The teeth vary among them as to number, form, and permanence. They appear more specialized, brought nearer to one another, and more fixed in their general form, as we ascend toward man. There are four stages in the last category—the lemurs, the monkeys of the old continent, the monkeys of the new continent, and man.
The replacement of claws by nails forms one of the most important characteristics of the primates. Claws are designed and formed for attack and defense; the hoofs of the ungulates form hard soles for the feet, protecting them from contact with the ground and facilitating the march of the animal; while the nails are so shaped as to be adapted to the purpose of prehension. This adaptation is more or less perfect, and extends to more or fewer fingers among the primates, permitting another division into the perfect primates, like man and all the monkeys but one group, and imperfect primates. Another adaptive characteristic, the corollary of the nails, is the well-developed thumb, removed from the other fingers, and opposable to them. More completely than they, it also indicates an organ made to clasp, to seize. The primates may also be divided by this feature into three groups Man, with whom the thumb is opposable only on the fore-limbs the monkeys, with which it is opposable on all four of the limbs and the imperfect primates, with which the adaptation is less exact or less marked on the hinder than on the fore limbs. Other characteristics, usually graduated in the ascending series of the primates, might be mentioned; but these are enough for our purpose.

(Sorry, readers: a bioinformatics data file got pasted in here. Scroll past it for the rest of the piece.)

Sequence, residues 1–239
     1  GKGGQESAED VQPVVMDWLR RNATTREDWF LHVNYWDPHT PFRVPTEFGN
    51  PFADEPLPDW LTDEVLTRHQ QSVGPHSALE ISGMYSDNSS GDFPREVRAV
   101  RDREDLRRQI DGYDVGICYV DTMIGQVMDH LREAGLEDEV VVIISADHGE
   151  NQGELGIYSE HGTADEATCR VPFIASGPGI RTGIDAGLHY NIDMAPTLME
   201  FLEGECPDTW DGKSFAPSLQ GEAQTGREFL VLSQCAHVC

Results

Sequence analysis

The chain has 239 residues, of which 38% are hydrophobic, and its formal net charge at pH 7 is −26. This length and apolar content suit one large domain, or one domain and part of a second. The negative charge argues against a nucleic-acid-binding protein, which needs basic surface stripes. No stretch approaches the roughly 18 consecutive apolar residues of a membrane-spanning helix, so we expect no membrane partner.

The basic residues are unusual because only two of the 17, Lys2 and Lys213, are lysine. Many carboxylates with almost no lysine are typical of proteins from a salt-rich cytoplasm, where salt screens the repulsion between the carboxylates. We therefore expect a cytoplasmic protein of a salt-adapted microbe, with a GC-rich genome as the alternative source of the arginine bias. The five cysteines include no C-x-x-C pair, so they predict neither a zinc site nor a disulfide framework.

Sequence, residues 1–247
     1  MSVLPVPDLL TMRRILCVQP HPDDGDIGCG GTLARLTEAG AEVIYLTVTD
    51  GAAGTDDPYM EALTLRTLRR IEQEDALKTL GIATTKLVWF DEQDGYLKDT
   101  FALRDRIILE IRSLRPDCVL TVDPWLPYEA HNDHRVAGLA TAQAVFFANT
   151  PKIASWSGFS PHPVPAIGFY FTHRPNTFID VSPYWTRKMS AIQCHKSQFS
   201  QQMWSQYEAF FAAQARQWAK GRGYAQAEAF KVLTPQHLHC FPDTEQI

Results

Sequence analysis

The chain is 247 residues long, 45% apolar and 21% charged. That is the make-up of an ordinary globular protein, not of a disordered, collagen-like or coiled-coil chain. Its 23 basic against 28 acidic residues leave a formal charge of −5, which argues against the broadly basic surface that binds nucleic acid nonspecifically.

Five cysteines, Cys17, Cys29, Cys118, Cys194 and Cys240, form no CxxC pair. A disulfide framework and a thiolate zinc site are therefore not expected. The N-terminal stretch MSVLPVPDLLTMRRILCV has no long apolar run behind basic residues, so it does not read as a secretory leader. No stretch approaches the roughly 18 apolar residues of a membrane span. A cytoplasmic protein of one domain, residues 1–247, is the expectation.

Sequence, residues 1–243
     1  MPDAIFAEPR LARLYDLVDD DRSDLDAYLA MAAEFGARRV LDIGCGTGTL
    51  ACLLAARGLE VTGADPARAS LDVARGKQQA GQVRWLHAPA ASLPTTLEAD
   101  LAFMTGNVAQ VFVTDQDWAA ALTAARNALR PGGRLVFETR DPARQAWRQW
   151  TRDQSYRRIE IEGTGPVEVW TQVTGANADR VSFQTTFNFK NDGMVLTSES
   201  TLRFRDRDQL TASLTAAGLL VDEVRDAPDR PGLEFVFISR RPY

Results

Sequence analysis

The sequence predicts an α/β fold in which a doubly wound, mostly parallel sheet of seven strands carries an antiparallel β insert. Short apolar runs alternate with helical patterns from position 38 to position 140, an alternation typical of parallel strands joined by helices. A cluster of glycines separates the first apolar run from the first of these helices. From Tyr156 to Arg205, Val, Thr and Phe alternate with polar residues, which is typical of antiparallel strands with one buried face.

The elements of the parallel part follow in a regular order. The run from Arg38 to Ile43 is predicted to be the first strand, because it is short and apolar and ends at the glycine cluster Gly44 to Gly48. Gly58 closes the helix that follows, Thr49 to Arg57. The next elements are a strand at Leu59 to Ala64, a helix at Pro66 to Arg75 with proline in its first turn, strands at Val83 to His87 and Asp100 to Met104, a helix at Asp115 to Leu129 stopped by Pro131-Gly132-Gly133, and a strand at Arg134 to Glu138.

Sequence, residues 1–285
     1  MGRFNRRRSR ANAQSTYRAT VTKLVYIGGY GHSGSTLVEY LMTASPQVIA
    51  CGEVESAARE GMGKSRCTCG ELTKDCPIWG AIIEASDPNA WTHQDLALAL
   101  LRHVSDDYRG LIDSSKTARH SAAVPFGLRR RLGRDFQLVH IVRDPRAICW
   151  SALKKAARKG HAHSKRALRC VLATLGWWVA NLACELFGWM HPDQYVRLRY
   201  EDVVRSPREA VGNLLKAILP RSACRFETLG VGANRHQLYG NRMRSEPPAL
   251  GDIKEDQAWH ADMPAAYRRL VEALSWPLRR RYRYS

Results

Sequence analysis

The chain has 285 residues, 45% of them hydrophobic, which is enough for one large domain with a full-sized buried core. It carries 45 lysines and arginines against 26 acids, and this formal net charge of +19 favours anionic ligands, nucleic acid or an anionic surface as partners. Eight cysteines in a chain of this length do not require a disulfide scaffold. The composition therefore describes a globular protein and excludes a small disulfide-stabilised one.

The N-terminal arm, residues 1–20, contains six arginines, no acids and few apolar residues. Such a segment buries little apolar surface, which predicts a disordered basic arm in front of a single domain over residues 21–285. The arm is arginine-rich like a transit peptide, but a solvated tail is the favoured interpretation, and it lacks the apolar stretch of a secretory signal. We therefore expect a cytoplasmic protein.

To regard the primates in this way is a little to prejudge the solution we are seeking. From the instant we suppose a progressive development of characteristics in the series and divide the primates into superior, medium, and inferior, we are tempted to be indulgent in respect to characteristics which may be little accentuated or wanting in the last. From this, to assuming that the lower primates are simply the beginning of the series, the transition from the other orders to that of the primates, is but a step. The lemurs furnish most of the imperfect primates of which we have spoken. They included or include three groups of animals—the Galeopitheci, the Cheiromys, and the lemurs proper.
The Galeopitheci, or flying-cats, inhabit the Sunda Islands, the Moluccas, and the Philippine Islands. They furnish one of the examples of the difficulty of placing in our classification certain groups qualified with paradoxical characteristics, for the reason that they are transitional groups having some right to be put in several.
The Cheiromys include only one genus, the aye-aye of Madagascar. It resembles the squirrel, but has features also of the ape and the lemur. By dentition it is an insectivore or lemur in infancy and a rodent in adult age. It is evidently a primate at the start, but a species hesitating whether it shall continue a primate or become a rodent.